Journalists have been the gatekeepers by which we understand the civic space. Their lazy acceptance of labels helps perpetuate distortions that damage individuals and society. We need journalists who understand that they share the blame with politicians and public servants for making the Coalition’s decade of shame possible. Without critical thinking skills, journalists betray the muckraking and investigative stars of their profession’s history; otherwise they can be much better paid as the spin doctors many seem content to ape.
The news media has struggled to describe the events of this era. Part of the problem is that they fail to appreciate the degree to which the Right is radicalising, bogged down in normalcy bias. Part is that the news sector bends excessively towards being balanced between positions: when the Right’s position is so extreme that to describe it aptly sounds like a judgement, the decision-makers struggle to cope with the new reality.
We need to understand our political labels at a moment when the Right is embracing ever more oppressive political ploys internationally. Robert Reich noted that American newspapers are finally beginning to label presidential contender Trump’s messaging as “authoritarian.” He spells out clearly, however, that it is technically better understood as “fascist.” Trump’s Republican Party is a ghoulish parody of its grand old past.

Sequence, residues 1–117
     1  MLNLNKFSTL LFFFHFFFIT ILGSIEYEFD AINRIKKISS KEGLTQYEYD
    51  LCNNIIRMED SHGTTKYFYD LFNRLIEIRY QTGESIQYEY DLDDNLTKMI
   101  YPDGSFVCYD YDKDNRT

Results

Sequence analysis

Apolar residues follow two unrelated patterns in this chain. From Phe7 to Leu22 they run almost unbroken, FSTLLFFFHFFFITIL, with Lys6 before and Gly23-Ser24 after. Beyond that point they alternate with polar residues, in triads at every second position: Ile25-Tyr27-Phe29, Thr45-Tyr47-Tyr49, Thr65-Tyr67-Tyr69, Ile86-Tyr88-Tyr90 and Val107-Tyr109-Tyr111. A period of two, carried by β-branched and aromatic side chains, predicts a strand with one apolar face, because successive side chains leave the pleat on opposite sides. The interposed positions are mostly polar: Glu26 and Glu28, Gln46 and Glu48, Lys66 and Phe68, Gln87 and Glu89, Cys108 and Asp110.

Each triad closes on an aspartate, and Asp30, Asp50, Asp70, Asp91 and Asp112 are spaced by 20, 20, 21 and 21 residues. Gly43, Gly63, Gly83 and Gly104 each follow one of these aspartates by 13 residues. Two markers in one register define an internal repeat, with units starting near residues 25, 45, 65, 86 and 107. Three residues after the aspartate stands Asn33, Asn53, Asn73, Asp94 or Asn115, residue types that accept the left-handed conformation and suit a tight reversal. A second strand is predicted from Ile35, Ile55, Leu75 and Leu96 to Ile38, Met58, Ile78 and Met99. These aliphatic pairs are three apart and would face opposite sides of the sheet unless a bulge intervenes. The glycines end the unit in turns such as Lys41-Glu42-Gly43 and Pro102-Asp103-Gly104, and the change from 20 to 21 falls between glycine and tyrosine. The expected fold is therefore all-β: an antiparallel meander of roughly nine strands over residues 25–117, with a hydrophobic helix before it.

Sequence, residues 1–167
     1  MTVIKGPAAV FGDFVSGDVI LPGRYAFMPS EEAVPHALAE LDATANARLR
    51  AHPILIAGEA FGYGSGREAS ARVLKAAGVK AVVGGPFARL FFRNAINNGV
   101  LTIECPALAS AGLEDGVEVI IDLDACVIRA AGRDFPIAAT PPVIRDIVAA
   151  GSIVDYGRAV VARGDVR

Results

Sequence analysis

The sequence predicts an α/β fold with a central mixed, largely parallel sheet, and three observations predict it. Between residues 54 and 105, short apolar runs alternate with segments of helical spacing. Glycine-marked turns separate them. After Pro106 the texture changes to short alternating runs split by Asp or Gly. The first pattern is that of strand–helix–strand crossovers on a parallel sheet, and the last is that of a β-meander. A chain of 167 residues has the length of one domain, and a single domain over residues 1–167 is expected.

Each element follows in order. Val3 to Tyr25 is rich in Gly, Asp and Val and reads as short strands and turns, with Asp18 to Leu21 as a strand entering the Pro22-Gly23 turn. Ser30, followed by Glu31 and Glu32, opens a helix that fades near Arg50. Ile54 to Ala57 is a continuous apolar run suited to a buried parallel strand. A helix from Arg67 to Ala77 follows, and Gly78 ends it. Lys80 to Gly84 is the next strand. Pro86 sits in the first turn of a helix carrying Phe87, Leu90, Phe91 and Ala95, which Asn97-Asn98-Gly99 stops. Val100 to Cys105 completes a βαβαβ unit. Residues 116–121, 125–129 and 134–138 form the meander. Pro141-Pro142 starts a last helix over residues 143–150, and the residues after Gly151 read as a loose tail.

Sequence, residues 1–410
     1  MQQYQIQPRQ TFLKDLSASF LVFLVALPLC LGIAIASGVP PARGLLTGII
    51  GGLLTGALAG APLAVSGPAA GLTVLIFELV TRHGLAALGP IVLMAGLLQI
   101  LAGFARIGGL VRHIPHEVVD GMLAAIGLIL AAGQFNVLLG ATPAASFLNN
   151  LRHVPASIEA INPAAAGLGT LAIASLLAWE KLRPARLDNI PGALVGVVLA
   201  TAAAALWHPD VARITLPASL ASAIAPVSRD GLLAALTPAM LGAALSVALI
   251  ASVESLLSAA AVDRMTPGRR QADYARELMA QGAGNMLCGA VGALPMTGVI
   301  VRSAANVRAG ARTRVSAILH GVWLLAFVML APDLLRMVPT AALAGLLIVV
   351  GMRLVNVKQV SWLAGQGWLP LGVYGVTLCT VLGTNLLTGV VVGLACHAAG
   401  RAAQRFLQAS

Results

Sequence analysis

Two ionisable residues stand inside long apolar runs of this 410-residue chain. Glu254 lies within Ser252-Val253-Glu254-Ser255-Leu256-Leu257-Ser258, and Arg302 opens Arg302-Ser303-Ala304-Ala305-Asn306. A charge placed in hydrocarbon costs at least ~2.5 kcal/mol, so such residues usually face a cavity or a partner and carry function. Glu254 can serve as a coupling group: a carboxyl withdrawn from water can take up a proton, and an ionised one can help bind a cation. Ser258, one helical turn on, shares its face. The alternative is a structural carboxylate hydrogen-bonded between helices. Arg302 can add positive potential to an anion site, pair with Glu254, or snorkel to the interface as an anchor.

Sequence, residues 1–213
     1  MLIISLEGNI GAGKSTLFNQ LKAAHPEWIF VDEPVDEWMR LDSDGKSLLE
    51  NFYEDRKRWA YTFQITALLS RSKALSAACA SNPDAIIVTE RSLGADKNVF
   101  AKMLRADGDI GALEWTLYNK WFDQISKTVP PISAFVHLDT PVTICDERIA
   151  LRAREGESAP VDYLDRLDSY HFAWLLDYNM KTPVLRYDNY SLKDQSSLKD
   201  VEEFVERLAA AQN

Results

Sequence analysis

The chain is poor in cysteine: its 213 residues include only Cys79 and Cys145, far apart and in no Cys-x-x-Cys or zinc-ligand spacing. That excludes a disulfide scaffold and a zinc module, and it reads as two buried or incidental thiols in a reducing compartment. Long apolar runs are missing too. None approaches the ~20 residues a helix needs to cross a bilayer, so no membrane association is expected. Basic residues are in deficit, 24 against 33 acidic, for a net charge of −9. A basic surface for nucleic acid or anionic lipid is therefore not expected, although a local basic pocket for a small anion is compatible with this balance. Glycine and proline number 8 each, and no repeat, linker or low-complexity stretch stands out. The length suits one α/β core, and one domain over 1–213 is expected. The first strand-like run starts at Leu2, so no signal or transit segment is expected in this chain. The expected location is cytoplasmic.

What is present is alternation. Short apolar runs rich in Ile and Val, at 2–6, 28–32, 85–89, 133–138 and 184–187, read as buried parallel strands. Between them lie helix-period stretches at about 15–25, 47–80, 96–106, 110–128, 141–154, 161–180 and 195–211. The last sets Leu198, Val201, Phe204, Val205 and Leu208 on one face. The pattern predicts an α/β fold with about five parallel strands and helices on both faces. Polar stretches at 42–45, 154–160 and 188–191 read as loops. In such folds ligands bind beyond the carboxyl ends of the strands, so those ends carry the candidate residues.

None of this is accidental. The cynical Americanised ultra free market Right does not believe in government’s role. It is funded and galvanised by the needs of the plutocrats: low tax and ever fewer protections – labelled “regulation”- to stifle their ultimate freedom to exploit. The same kind of cynicism has driven the Right in America to fight, since the Civil Rights era, to reverse the progress that withdrew the barriers to equality for persecuted and disempowered groups. The strategies to undo America’s democratic structures have been in construction at least as long.
Much of the plutocrats’ Dark Money has gone to strategists and spin doctors. The same ethics-free intent to achieve their goals at any cost pervades their political representatives. Robodebt’s egregious fraud perpetrated against citizens is the most striking Australian example; media advisor Rachelle Miller has revealed Alan Tudge’s spin strategies. When Scott Morrison took over immigration, he employed 66 spin doctors compared to PM Tony Abbott’s 39: “on water” secrecy and propaganda was costing us $8 million a year.
Journalists have been far too ready not to question their role in spreading this strategic toxic spin. In fact, they use that spread as the basis for further stories about artificial “controversies.”
Structural politics is illustrative of these orchestrated drifts. It only takes a brief look at the names of Australia’s two major parties to see how political labels can ossify, representing the history rather than the ideology of a party. Labor does not represent the labour movement that was its original constituency. The Liberal Party is not liberal, but neither is it conservative. The Liberal politicians who merited those labels have largely left in disgust at what the party has become. The rump is a radicalised Right mimicking the extremists dominating the Republican Party.